Performance Pay, Union Bargaining and Within-Firm Wage Inequality


  • We are grateful to Carlo Dell'Aringa, Alex Bryson, Donna Ginther, Espen Moen and two anonymous referees for comments on earlier versions of this paper. We also thank seminar participants at the Catholic University of Milan, University of Oslo, workshop on the use and analysis of employer–employee data in Oslo and the lower conference in Esbjerg for useful comments. This work has received financial support from the Norwegian Research Council (grants # 156035/S20 and 173591/S20) the Norwegian Ministry of Labour, the EDWIN project of the European Commission IHP project (grant #HPSE-CT-2002-00108) and is part of the research activities of the centre of equality, social organization, and performance (ESOP), University of Oslo.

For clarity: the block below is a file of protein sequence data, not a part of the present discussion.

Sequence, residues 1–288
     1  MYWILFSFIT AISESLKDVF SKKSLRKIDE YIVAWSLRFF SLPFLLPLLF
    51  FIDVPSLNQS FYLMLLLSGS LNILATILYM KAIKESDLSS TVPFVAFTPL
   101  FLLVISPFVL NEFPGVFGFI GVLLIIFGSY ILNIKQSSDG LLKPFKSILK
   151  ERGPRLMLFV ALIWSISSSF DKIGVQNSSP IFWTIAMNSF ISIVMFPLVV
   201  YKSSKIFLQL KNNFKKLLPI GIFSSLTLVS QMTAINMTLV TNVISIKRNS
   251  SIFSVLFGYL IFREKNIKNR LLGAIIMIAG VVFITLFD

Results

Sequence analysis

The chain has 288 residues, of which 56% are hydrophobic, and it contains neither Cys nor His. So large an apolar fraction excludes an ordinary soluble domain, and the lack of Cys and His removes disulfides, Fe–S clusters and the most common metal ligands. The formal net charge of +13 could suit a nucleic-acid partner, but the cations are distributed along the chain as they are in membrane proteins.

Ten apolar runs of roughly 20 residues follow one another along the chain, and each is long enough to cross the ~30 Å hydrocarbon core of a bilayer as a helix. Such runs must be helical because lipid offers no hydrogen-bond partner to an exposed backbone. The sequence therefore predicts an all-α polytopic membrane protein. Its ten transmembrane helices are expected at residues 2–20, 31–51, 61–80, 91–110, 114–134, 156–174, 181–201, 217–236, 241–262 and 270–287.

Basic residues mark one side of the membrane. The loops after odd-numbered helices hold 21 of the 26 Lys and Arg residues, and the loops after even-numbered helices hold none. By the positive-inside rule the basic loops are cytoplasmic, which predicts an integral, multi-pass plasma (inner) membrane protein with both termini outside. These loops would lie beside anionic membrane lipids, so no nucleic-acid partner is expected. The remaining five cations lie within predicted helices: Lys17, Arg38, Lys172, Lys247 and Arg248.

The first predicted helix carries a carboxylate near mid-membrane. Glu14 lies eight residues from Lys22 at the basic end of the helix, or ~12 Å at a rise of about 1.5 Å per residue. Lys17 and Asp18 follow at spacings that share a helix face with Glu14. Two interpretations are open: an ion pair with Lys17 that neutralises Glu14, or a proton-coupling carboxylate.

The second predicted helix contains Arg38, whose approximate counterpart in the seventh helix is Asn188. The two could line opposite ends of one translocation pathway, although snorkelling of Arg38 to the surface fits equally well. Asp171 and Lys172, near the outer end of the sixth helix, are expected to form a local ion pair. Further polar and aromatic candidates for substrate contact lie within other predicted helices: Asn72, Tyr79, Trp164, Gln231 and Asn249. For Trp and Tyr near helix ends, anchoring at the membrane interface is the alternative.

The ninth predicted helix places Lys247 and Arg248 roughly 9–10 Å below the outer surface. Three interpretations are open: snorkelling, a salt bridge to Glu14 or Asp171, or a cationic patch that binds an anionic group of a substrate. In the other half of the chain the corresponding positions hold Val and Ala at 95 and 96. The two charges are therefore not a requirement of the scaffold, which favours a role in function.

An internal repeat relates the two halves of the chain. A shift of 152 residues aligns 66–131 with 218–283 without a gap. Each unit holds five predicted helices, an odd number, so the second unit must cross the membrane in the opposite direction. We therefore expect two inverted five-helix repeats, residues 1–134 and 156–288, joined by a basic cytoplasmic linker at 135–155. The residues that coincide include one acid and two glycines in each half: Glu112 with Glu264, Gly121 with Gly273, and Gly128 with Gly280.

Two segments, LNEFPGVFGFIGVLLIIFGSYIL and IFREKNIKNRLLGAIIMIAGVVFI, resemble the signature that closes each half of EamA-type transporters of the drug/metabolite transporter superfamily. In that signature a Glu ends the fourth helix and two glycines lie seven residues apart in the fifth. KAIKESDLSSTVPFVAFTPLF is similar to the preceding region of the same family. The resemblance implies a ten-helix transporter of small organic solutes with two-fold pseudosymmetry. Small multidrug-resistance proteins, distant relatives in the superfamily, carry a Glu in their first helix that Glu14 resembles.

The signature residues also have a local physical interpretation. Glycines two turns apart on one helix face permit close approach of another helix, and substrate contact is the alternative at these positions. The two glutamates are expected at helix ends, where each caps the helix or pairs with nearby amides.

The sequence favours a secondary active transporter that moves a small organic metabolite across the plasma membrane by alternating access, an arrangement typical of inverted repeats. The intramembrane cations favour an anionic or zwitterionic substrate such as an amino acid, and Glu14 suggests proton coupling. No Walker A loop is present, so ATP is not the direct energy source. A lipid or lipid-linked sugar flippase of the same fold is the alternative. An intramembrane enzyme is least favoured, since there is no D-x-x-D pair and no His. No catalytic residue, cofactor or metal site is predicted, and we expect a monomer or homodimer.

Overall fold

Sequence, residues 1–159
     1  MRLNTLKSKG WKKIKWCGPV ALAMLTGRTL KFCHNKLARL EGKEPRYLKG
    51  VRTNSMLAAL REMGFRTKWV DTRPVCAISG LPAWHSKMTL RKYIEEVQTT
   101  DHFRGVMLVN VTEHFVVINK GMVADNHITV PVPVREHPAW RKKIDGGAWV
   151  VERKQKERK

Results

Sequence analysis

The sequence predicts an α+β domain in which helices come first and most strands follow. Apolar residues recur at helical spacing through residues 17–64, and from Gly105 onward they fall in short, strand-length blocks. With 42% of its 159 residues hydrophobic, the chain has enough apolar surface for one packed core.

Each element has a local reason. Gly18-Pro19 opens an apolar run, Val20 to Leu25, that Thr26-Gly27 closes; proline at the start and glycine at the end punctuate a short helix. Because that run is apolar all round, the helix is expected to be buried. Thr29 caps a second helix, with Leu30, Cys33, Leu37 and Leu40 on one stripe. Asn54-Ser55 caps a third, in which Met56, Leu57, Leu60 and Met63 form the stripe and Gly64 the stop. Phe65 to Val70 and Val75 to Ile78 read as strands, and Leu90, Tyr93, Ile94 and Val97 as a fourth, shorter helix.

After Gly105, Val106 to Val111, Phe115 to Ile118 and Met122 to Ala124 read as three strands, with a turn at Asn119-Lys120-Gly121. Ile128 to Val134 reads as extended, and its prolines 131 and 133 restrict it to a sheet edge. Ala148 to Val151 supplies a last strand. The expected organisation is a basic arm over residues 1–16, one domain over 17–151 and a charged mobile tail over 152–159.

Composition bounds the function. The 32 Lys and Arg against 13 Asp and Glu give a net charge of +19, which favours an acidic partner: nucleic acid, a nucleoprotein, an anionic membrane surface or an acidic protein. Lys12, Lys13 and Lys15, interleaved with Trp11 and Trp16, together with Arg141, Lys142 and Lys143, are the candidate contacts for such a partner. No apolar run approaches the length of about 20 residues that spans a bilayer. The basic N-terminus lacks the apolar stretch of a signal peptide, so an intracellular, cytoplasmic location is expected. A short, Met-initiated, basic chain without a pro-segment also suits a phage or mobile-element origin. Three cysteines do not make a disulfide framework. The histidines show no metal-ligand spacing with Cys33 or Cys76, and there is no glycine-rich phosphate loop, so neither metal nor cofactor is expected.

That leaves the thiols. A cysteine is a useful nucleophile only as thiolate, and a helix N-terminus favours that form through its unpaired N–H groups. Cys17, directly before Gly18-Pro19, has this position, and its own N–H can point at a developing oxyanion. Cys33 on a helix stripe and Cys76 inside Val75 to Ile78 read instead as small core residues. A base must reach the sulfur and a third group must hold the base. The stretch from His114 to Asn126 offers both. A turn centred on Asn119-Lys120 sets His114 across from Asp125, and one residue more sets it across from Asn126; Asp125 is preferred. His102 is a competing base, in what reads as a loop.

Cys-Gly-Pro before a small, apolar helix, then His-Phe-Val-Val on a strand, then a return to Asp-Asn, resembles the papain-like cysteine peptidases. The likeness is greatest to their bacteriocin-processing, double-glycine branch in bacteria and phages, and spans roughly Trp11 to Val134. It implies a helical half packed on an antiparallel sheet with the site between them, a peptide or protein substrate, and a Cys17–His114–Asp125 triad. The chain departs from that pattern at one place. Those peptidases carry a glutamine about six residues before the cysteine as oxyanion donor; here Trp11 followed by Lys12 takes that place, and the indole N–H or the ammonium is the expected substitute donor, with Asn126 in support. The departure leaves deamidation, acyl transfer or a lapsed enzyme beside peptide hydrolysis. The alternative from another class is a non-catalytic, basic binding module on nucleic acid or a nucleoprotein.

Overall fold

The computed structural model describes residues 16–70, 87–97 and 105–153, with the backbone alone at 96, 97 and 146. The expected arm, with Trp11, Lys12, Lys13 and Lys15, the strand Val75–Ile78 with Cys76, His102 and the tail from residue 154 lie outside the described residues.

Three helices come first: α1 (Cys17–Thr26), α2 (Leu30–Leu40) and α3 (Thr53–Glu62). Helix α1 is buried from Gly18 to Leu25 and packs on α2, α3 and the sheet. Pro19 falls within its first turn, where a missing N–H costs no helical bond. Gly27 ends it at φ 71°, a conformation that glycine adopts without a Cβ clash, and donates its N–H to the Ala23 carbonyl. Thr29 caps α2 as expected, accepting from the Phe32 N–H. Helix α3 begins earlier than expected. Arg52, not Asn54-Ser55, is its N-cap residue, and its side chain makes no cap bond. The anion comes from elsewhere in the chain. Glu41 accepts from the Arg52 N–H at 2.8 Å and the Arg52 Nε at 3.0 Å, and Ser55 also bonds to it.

Theory predicts that performance pay boosts wage dispersion. Workers retain a share of individual productivity shocks and high-efficiency workers receive compensation for greater effort. Collective bargaining can mitigate the effect of performance pay on wage inequality by easing monitoring of common effort standards and group-based pay schemes. Analyses of longitudinal employer–employee data show that the introduction of performance-related pay raises wage inequality in non-union firms, but not in firms with high union density. Although performance-related pay appears to be on the rise, the overall impact on wage dispersion is likely to be small, particularly in European countries with influential unions.